Washington, D.C. – The U.S. National Highway Traffic Safety Administration (NHTSA) and General Motors have issued statements on the potential risk of vehicles powered by lithium-ion batteries, following an incident in which a Chevrolet Volt caught fire several weeks after it was crash-tested.

In its statement, NHTSA said that it “does not believe electric vehicles are at a greater risk of fire than other vehicles. It is common sense that the different designs of electric vehicles will require different safety standards and precautions. The Department of Energy and the National Fire Protection Association already collaborate to ensure first responders know the risks and the appropriate steps to take so they can perform their jobs safely given the shock hazard that a damaged electric vehicle may present, and NHTSA will work closely with these organizations to ensure that guidance for the emergency response community reflects the information NHTSA obtains.”

NHTSA said it has asked all manufacturers that currently have electric vehicles on the market or plan to introduce them to provide information on the protocols they have established for discharging and handling their lithium-ion batteries, including any recommendations for mitigating fire risks in these vehicles.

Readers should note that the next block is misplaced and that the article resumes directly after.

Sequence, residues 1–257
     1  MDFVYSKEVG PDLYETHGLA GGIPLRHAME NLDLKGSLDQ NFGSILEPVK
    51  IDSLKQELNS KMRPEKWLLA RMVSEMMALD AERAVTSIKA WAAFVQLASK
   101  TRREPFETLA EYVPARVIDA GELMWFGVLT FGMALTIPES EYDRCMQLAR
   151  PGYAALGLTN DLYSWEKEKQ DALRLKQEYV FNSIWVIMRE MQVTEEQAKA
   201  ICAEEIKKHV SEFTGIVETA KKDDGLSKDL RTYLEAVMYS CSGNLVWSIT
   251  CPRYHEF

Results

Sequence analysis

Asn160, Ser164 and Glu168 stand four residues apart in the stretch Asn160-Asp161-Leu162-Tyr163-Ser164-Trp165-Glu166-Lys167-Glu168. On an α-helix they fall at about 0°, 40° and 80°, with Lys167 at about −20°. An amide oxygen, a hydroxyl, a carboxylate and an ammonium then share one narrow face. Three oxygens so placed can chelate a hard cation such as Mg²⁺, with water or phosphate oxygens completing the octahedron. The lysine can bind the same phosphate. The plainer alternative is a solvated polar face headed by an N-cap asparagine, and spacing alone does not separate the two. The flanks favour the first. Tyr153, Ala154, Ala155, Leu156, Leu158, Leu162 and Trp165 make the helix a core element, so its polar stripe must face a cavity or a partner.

The Volt fire occurred more than three weeks after the vehicle had been crash-tested as part of NHTSA’s New Car Assessment Program. The agency concluded that the crash damaged the lithium-ion battery and that the damage led to the fire. NHTSA said that the incident, which occurred at the test facility and caused property damage but no injuries, “remains the only case of a battery-related fire in a crash or crash test of vehicles powered by lithium-ion batteries, despite a number of other rigorous crash tests of the Chevy Volt separately conducted by both NHTSA and General Motors.”

In a statement, Jim Federico, GM’s chief engineer for electric vehicles, said, “First and foremost, I want to make this very clear: the Volt is a safe car. We are working cooperatively with NHTSA as it completes its investigation. However, NHTSA has stated that based on available data, there’s no greater risk of fire with a Volt than a traditional gasoline-powered car.”

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